As it has often been reported, the German academic system has, over the last couple of years, produced doctorates en masse, while the number of professorships steadily decreased. This has various effects: many professors supervise more doctoral candidates than one might adequately support (not only in terms of the thesis but also of the career afterwards). The doctoral candidates are often competing among each other – for time with their supervisors, opportunities and support in publishing results, postdoc positions and so on. This, of course, easily allows for difficult levels of dependency to develop and makes the abuse of power quite simple. Furthermore, supervisors often seem to avoid openly discussing career perspectives with their early career researchers. It would certainly be beneficial to introduce mandatory individual development meetings annually. This way, early career researchers would know early on if their professor sees them in academia or if another career path might be an option. This is another thing that I still find rather strange about the German academic system; only a minority of my UK peers during the PhD wanted to remain in academia. They often saw the doctorate as a set of skills that would ease their way into other career paths – in commerce, government administration, and so on. In Germany, however, the doctorate must lead into an academic career. All other ways are often perceived (by many young researchers and professors alike) as a failure, a very sad “plan B”. This is extremely one-dimensional, especially considering the facts mentioned above (inflation in doctorates, decrease in professorships). Only recently and very slowly does this mind-set seem to be changing. This is positive, as simple math will tell you that only a tiny minority will be able to pursue a life-long career in academia, but by lacking alternatives many young researchers means that they pass their fate onto their supervisors, who might not all be natural-born leaders or be able to always bear this burden responsibly. After all, they were appointed to professorship primarily because of their research and not their people-leading skills (for better or worse!).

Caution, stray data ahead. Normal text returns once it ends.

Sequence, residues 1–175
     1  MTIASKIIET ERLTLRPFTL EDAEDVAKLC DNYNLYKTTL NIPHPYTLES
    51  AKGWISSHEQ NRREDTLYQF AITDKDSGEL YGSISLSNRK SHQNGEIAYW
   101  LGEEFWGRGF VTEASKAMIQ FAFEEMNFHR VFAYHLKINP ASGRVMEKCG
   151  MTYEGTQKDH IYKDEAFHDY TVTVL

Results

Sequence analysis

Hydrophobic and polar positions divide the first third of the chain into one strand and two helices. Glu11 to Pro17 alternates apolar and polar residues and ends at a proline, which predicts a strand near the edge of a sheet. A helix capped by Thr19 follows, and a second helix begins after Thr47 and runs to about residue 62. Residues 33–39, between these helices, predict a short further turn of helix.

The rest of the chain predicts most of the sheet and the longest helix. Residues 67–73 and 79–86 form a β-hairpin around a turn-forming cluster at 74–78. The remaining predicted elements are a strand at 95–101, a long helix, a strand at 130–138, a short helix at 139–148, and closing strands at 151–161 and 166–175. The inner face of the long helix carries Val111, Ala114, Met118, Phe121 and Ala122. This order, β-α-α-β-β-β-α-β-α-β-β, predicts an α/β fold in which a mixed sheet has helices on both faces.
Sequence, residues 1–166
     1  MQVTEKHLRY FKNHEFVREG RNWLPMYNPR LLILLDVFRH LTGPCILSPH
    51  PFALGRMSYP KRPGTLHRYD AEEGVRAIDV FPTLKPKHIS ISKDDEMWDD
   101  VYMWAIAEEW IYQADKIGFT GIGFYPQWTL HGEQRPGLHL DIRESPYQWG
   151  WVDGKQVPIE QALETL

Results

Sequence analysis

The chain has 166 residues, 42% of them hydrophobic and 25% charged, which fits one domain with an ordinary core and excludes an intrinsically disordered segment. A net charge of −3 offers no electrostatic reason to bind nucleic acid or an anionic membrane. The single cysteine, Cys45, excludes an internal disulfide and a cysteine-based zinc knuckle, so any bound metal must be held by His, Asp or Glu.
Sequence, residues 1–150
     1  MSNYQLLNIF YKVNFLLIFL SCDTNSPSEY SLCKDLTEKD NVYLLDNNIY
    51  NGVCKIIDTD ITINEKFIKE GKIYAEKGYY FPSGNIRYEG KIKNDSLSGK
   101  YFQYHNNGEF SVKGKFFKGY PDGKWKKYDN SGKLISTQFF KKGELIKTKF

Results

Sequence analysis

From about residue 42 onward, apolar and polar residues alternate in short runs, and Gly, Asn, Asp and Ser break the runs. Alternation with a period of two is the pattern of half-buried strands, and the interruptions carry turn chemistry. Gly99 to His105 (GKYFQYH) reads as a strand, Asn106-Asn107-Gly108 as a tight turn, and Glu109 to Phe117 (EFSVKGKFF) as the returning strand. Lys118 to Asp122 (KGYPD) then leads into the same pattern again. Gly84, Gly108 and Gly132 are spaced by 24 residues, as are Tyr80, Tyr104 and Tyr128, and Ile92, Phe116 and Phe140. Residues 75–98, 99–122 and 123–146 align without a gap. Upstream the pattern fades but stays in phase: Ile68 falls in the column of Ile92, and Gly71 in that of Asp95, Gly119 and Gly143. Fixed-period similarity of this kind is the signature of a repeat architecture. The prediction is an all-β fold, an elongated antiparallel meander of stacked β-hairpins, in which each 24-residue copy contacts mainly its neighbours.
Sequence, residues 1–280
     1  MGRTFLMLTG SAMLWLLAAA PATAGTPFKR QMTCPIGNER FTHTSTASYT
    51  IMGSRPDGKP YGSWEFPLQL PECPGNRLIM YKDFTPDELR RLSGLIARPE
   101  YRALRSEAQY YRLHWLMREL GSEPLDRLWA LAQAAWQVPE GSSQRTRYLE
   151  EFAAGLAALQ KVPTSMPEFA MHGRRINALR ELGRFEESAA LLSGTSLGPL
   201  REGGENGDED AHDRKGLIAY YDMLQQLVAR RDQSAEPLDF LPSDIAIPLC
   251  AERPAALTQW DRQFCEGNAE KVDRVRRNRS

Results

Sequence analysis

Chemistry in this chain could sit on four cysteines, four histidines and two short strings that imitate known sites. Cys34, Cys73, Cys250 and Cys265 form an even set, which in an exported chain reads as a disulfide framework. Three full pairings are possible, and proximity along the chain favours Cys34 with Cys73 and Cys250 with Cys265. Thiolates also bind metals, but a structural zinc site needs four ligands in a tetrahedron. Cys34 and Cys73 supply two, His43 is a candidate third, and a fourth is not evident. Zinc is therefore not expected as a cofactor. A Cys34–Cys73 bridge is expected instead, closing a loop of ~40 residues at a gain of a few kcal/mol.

Another problem is the lack of clear career paths at postdoctoral level in Germany. There exists a complex and often intransparent variety of postdoc positions (with/without teaching / funded by different budgets / allowing for different status within the university etc). Many early career researchers find it difficult to navigate their way through the system while doing their research, attending conferences, networking, publishing, acquiring third party funds, and so on. Often, the path to professorship depends on luck and coincidence and is simply unpredictable. This, again, fosters dependencies and also leads to the unfortunate fact that many highly talented researchers (and especially women) leave academia at postdoc-level -not because their research project is unsuccessful or simply “not good enough”- but because the overall job situation renders uncertainty.